The trial of three men accused of bilking the city of Weslaco out of millions of dollars during the rehabilitation of its water treatment facilities has again been postponed — two years after the charges first came to light.
The three men — former Hidalgo County Precinct 1 Commissioner Arturo “A.C.” Cuellar, Weslaco businessman Ricardo Quintanilla and Daniel J. Garcia, an attorney from Rio Grande City — will now have to wait until September for their day in court.
Jury selection has been rescheduled to Sept. 8, while opening statements are expected to begin the following week, on Sept. 13.
The trial of the three men has been delayed numerous times over the last year due to the ongoing COVID-19 pandemic. And it was the pandemic, again, that played a primary role in U.S. District Judge Micaela Alvarez’s decision to announce another postponement during a status conference in federal court Thursday.
“Back when I gave you this April setting, I was really hopeful and probably said as much back then,” Alvarez said about the April 26 trial date she had set earlier this year.
“And month to month, I’m always hopeful. And at some point in time, I should probably give up being hopeful,” she said.
Though the McAllen federal courthouse has recently resumed criminal trials, those have been limited to cases with single defendants.
The Weslaco water plant trial, however, involves three defendants, numerous witnesses, and what both prosecutors and defense attorneys have repeatedly referred to as “voluminous evidence.”
Cuellar, Quintanilla and Garcia stand accused of conspiring together — along with a handful of other named and unnamed co-conspirators — to funnel millions of dollars from the water plant project to their own pockets.
Prosecutors allege the men participated in a pay-to-play scheme where Weslaco public officials were paid bribes in order to secure the city commission’s favorable votes on a host of engineering and construction contracts related to the project.
The charges initially came to light in the spring of 2019, when former Rio Grande City Municipal Judge Leonel Lopez Jr. and Gerardo “Jerry” Tafolla — who was then a sitting Weslaco city commissioner — each pleaded guilty to federal programs bribery.
Not long after, prosecutors unsealed a 74-count superseding indictment against Cuellar, Quintanilla, Garcia and a fourth man — former District 2 Weslaco commissioner John Cuellar. The two Cuellars are cousins.
Though he initially pleaded not guilty to some 61 separate charges, John Cuellar later reached a deal with the government and changed his plea to guilty.
The trial against the remainder of the defendants, however, got its first delay early on, when Alvarez declared the case “complex” — a designation that extends certain limitations of the Speedy Trial Act.
Then the COVID-19 pandemic prompted numerous delays throughout last year, as did the death of one of the government’s key witnesses, Leo Lopez.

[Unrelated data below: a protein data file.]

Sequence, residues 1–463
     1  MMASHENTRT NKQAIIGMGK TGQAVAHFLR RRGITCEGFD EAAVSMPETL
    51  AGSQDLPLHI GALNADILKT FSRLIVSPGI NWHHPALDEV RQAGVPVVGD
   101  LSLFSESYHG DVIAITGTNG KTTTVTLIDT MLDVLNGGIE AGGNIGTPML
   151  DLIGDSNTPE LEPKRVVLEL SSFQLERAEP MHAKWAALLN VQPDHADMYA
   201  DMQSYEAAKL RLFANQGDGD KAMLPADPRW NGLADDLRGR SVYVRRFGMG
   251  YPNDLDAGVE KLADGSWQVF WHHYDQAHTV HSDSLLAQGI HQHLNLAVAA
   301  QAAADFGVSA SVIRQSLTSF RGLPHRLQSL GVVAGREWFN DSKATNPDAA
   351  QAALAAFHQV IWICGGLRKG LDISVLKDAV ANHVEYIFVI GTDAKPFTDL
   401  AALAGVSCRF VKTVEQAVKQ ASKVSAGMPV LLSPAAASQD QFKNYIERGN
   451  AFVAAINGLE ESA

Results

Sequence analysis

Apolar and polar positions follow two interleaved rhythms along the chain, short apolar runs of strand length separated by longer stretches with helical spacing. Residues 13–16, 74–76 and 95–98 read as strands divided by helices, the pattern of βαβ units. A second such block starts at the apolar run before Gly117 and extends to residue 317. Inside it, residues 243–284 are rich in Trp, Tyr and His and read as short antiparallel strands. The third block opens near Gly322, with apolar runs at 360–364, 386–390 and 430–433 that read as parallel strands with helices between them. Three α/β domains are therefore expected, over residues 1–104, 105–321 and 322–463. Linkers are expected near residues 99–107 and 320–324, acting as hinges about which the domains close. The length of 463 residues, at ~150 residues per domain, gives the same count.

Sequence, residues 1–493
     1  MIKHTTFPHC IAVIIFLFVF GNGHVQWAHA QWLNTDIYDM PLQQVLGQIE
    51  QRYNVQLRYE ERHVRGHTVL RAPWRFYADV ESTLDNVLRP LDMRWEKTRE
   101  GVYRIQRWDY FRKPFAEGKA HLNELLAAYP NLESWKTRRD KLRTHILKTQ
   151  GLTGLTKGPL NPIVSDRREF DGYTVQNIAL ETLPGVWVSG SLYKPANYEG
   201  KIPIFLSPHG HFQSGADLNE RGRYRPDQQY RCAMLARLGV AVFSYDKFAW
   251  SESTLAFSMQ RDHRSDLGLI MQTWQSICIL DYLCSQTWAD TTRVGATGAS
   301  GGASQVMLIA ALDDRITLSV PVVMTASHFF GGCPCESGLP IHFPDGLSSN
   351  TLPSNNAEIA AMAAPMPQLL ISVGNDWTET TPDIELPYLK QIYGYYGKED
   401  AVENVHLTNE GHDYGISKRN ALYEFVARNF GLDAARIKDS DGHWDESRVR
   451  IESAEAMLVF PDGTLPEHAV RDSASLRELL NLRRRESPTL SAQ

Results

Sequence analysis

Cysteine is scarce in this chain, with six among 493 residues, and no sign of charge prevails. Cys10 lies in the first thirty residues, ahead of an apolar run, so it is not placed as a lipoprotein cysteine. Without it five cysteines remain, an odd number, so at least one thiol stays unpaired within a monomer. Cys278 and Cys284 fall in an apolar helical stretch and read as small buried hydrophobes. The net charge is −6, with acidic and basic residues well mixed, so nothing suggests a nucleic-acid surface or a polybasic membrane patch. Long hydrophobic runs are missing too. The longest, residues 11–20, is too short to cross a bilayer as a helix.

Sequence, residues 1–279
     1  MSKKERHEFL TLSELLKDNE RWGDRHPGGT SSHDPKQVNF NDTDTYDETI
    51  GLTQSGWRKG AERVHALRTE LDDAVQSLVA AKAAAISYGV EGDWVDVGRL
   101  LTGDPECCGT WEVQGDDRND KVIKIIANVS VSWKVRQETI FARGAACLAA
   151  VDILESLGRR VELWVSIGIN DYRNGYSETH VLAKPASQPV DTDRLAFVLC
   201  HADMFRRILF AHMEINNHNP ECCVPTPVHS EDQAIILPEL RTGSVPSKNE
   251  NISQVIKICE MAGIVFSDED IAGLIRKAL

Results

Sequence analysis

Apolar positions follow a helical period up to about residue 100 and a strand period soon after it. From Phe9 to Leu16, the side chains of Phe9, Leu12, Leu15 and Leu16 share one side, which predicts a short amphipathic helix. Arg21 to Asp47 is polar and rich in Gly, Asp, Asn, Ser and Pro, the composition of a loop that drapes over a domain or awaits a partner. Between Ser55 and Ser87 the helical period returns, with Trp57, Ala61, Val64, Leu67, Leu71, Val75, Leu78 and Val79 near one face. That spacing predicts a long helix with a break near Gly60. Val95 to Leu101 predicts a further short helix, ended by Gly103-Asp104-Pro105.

Last Tuesday, Garcia — through his attorney, Christopher Sully — filed a motion arguing that the pandemic continues to pose limitations on the court’s ability to safely hold trial.
Sully further expressed concern that the pandemic would adversely impact the defense’s capability to draw a representative jury pool since an abnormally high number of prospective jurors may seek to be excused from service due to health concerns.
On Thursday, prosecutors also revealed new information about what the trial will ultimately look like.
Though the government is expected to call numerous witnesses to the stand, none of them will be so-called expert witnesses.
The news came to light in the government’s response to the defense’s inquiries about such expert witnesses, and prosecutors’ own desire to learn what experts the defense has lined up.
“We have not turned over any expert witnesses because we are not going to call an expert witness,” said Peter M. Nothstein, a trial attorney with the Department of Justice’s Public Integrity Section.
“(A) request has been made from the defense to know of our expert disclosures. I’m representing now, there is no expert disclosure. Our disclosure is nothing, essentially. That satisfies our obligation,” he added a moment later.
In mentioning the government’s “obligation,” Nothstein was referring to Rule 16 of the Rules of Federal Criminal Procedure, which outlines when the government and defense must disclose certain information to the opposing side.
Nothstein argued that his announcement that prosecutors have no plans to call expert witnesses triggered the defense’s obligation under Rule 16 to disclose their own list of potential rebuttal expert witnesses.
But the judge was not ready to agree with the prosecutor. Instead, she put off making a ruling on the matter until a later date.